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Carl-Peter Cornelius, Nils Gellrich, Søren Hillerup, Kenji Kusumoto, Warren Schubert

Executive Editors

Edward Ellis III, Kazuo Shimozato

General Editor

Daniel Buchbinder

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NOE, Type I


In unilateral Markowitz type I fractures, there is a single large NOE fragment bearing the medial canthal tendon.

Diagnosis of NOE fractures

Involvement of the nasal bone
The nasal bone may also be involved and, in cases of comminution, may not provide adequate dorsal support to the nasal bridge.

Diagnosis of NOE fractures


The nasoorbitoethmoidal (NOE) fracture refers to injuries involving the area of confluence of the nose, orbit, ethmoids, the base of the frontal sinus, and the floor of the anterior cranial base. The area includes the insertion of the medial canthal tendon(s). NOE fractures, by definition, are a different entity than isolated nasal bone fractures. However, they are often associated with fractures of the nasal bones.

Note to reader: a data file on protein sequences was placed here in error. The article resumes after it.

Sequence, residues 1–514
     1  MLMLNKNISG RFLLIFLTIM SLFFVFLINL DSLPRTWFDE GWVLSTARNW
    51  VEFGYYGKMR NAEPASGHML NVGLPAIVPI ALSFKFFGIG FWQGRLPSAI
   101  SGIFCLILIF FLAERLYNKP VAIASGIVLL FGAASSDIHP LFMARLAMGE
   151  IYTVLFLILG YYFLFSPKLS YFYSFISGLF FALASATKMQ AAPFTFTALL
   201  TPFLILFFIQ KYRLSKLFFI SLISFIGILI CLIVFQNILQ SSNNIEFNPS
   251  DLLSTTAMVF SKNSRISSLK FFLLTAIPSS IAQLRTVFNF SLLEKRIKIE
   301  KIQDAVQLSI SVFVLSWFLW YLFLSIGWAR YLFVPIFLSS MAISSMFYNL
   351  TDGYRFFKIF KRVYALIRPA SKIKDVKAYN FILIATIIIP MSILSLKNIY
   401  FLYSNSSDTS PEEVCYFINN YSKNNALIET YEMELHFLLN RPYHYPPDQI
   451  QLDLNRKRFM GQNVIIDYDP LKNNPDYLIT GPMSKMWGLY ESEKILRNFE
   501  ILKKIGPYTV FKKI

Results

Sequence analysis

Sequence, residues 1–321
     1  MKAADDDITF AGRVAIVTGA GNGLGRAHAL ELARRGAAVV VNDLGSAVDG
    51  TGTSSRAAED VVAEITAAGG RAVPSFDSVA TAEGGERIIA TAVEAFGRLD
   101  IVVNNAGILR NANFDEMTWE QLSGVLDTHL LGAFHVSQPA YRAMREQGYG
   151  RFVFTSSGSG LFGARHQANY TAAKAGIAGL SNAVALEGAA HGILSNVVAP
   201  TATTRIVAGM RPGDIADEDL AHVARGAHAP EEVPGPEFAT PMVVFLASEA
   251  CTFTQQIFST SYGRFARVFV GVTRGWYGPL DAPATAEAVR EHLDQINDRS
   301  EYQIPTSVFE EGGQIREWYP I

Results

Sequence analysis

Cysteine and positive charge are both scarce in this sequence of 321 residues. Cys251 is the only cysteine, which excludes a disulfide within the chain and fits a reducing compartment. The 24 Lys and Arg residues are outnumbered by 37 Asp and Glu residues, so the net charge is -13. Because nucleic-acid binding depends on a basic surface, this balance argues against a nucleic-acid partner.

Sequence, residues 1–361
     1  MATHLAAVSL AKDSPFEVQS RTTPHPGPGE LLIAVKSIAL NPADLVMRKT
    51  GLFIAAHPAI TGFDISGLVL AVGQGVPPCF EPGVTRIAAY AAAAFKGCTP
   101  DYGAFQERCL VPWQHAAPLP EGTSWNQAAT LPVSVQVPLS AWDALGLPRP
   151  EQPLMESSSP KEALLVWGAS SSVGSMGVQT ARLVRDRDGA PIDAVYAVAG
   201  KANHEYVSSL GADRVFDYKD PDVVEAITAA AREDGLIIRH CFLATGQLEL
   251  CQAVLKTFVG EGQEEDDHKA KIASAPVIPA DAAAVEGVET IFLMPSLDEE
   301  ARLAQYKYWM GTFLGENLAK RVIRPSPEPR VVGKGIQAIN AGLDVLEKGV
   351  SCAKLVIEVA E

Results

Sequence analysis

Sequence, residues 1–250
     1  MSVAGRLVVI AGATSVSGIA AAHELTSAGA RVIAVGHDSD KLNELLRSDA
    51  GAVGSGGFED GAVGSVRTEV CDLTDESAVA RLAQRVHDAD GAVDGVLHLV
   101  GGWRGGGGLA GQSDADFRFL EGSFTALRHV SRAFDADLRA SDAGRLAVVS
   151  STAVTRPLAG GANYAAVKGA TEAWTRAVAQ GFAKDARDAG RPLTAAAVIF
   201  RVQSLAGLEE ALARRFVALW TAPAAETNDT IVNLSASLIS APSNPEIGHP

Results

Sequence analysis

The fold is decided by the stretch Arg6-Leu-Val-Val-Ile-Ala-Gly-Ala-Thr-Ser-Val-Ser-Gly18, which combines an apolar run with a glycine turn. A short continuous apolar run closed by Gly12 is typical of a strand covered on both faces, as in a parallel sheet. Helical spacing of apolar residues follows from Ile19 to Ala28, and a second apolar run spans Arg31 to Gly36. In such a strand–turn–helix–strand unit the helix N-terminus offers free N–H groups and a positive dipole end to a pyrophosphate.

NOE fractures are most commonly classified according to Markowitz BL, Manson PN, Sargent L, et al (1991) Management of the medial canthal tendon in nasoethmoid orbital fractures: the importance of the central fragment in classification and treatment. Plast Reconstr Surg. 87(5):843-53:

  • Type I
  • Type II
  • Type III

These can be unilateral or bilateral injuries.

Diagnosis of NOE fractures

Involvement of buttresses
NOE complex fractures involve the medial vertical (nasomaxillary) buttresses of the facial skeleton. Click here for further details on buttresses.

Diagnosis of NOE fractures

Association with frontal sinus fractures
NOE fractures are often associated with frontal sinus fractures.

Diagnosis of NOE fractures
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